All five papers lead with John McCain's dual primary victory in Michigan and Arizona. The New York Times gives the news a four-column, three-row headline, which notes that McCain was "buoyed by [a] big crossover vote." An alarming new study of psychiatric drug use among toddlers and the closing arguments in the Microsoft trial also make the front pages.
McCain won 50 percent of the Michigan vote, with George W. Bush taking 44 percent and Alan Keyes 5 percent. In his home state of Arizona, McCain won 60 percent to Bush's 36 percent and Keyes' 4 percent. (These figures are with 87 percent and 79 percent of precincts reporting, respectively.) In Michigan, Bush won by nearly 40 points among Republicans; however, more than half of primary voters were Democrats and independents (17 percent and 35 percent, respectively), who ultimately gave McCain the edge. McCain also won among political moderates, those without a college degree, and pro-choice voters, reports the Wall Street Journal. He earned all 30 of Arizona's delegates to the GOP convention, and 46 of Michigan's 58 delegates (the Post says, "at least 19" of the 58). (No paper adequately explains the Michigan delegate numbers, which are neither proportional to the vote totals nor the result of winner-take-all.)
In his victory speech, McCain compared himself to Teddy Roosevelt and Ronald Reagan and asked, "Don't fear this campaign my fellow Republicans. Join it." The Los Angeles Times quotes Bush saying that "McCain deserves credit for winning Michigan. I deserve credit for winning the Republican vote, overwhelmingly." Bush accused McCain of orchestrating a series of phone calls to voters painting him as anti-Catholic.
McCain's Arizona numbers were better than those in Michigan. He won among Republicans and the "somewhat conservative" there, reports the LAT. He split the "religious right" vote and lost the "very conservative" vote by 15 points. Bush had spent $2 million in the state, while McCain, the Washington Post says, did not even buy television ads.
McCain's Michigan victory humiliated three-term Gov. John Engler, a Bush ally who had, writes the LAT, promised a 4-to-5 point Bush victory several days ago. Of the 15 percent of voters who were "greatly influenced" by Engler's endorsement, McCain won nearly 3 to 1. Last night, Engler accused McCain of "party-borrowing" rather than "party-building" and of "renting Democrats." The Post prints McCain's reply to Engler: "Be a man." (To read why McCain appeals to emasculated, suburban men, check out Slate's "Culturebox.")
Given McCain's weak support among Republicans, the closed nature of the California and New York primaries, and the spate of Southern primaries in mid-March, most papers still consider McCain a significant underdog. The NYT, however, McSwoons for the Arizona senator. R.W. Apple calls his victory "electrifying and oh-so-vital," while Richard L. Berke says that McCain--with his six-point Michigan win--"trounced" Bush and now threatens the governor, with his "vast endorsements and colossal treasury." Only in the 23rd paragraph does he mention McCain's abysmal showing among Republicans in Michigan.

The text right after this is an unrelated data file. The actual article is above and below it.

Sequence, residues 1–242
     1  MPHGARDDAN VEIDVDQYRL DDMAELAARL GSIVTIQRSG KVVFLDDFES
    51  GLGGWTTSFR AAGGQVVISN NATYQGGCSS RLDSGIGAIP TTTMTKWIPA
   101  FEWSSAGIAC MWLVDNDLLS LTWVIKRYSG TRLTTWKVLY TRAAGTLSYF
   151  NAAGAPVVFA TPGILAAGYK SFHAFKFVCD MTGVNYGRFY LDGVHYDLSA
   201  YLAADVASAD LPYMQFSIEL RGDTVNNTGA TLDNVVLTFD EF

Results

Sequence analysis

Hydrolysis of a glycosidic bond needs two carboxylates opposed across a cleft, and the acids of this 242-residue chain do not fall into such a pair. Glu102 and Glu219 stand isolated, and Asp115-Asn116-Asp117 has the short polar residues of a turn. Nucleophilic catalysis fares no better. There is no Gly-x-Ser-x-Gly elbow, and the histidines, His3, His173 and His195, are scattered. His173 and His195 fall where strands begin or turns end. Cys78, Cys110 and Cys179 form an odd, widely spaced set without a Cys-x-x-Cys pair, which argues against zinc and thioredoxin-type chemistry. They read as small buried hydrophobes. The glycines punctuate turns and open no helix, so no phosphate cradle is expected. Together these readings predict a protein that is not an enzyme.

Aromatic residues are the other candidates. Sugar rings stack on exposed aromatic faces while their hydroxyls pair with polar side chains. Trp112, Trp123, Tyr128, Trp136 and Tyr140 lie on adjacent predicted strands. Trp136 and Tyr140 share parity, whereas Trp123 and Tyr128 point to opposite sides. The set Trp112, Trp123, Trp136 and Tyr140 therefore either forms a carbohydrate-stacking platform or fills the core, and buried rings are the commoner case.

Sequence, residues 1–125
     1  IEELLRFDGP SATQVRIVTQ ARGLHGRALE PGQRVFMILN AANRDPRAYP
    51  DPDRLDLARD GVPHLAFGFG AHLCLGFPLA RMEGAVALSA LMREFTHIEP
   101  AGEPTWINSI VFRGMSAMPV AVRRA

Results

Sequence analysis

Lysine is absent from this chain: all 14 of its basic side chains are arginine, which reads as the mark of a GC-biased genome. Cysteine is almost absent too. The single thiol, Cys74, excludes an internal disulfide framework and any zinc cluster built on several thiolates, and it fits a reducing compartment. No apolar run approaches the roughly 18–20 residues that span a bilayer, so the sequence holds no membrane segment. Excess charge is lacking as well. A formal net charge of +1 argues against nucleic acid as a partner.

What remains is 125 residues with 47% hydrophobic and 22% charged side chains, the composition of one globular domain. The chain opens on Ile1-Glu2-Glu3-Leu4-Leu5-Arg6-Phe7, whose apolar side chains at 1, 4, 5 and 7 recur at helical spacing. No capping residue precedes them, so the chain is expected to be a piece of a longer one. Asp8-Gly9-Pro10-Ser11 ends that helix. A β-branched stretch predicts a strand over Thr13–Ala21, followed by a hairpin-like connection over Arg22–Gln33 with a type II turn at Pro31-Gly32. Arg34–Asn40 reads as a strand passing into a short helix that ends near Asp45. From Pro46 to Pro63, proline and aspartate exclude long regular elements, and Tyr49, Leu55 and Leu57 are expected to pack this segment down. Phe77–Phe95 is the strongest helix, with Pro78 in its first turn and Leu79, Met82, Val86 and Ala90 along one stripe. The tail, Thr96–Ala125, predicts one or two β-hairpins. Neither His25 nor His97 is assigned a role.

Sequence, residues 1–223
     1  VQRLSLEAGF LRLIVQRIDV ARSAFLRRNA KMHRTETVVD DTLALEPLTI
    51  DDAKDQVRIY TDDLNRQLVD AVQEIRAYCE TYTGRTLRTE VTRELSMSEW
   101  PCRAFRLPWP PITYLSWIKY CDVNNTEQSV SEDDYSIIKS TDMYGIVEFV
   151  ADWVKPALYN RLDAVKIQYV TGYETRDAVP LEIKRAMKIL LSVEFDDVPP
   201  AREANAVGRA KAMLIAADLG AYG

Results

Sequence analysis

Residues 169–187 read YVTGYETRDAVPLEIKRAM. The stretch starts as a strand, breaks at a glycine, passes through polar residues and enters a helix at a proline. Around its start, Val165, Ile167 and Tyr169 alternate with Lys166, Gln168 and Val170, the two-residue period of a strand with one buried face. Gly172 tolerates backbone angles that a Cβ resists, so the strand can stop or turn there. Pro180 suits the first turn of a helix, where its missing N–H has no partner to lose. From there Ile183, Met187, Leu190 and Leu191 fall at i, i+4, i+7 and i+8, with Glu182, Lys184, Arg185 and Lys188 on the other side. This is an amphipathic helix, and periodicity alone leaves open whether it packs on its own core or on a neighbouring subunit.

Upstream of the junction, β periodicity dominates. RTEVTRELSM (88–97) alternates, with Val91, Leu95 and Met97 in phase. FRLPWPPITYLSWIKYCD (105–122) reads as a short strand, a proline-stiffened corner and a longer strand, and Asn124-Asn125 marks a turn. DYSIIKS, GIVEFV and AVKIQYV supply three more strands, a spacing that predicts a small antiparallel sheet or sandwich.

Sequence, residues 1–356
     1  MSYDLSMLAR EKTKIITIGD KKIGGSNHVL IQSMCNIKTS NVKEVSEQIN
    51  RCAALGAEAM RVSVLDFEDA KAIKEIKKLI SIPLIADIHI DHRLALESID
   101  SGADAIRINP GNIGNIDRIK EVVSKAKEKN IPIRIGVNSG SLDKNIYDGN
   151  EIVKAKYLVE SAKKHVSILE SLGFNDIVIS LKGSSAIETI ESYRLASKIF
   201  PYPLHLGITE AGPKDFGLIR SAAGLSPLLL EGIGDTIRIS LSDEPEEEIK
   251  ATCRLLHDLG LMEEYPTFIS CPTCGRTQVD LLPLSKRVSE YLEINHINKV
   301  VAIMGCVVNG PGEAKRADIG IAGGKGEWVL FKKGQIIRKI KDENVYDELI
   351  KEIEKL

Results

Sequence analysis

The NYT off-leads, and the Post reefers, the closing arguments in the Microsoft antitrust trial. The NYT and Journal note high up that Judge Thomas Penfield Jackson offhandedly compared Microsoft to Standard Oil, the monopoly dismantled by the government early last century. The Journal stresses the importance of Microsoft's argument that Windows' copyright protection trumps antitrust law. (To read Dahlia Lithwick's dispatch from yesterday's proceedings, click here.)
The Post off-leads, and the NYT fronts, a study finding that the use of stimulants and anti-depressants among 2-to-4 year olds more than doubled between 1991 and 1995, to 1.5 percent. These drugs have not been approved for children younger than 6 nor do scientists know how they affect the developing brain of a toddler. The study's authors finger the unwillingness of insurance companies to pay for non-pharmacological treatments and the sloppiness of doctors who surmise that what works for 7-to-10 year olds (for things like attention-deficit disorder, insomnia, and depression) must work for younger children as well.
The LAT's Ronald Brownstein and the NYT's R.W. Apple were both given the same assignment yesterday: Analyze the results of the Michigan and Arizona primaries. Their opening paragraphs hint at the style of the story to follow:
John McCain's back-from-the-brink victories in Michigan and Arizona on Tuesday night ensured a protracted nomination fight between two rivals now mobilizing virtually mirror-image voter coalitions in an epic struggle over the Republican Party's direction.
This road is nothing but bumps. New Hampshire knocked Gov. George W. Bush's bandwagon off the highway. Then, last Saturday, South Carolina derailed Senator John McCain's Straight Talk Express. Today, after a meager two-day campaign, Mr. Bush hit a sizable pothole in Michigan, right in the middle of his turnpike to victory.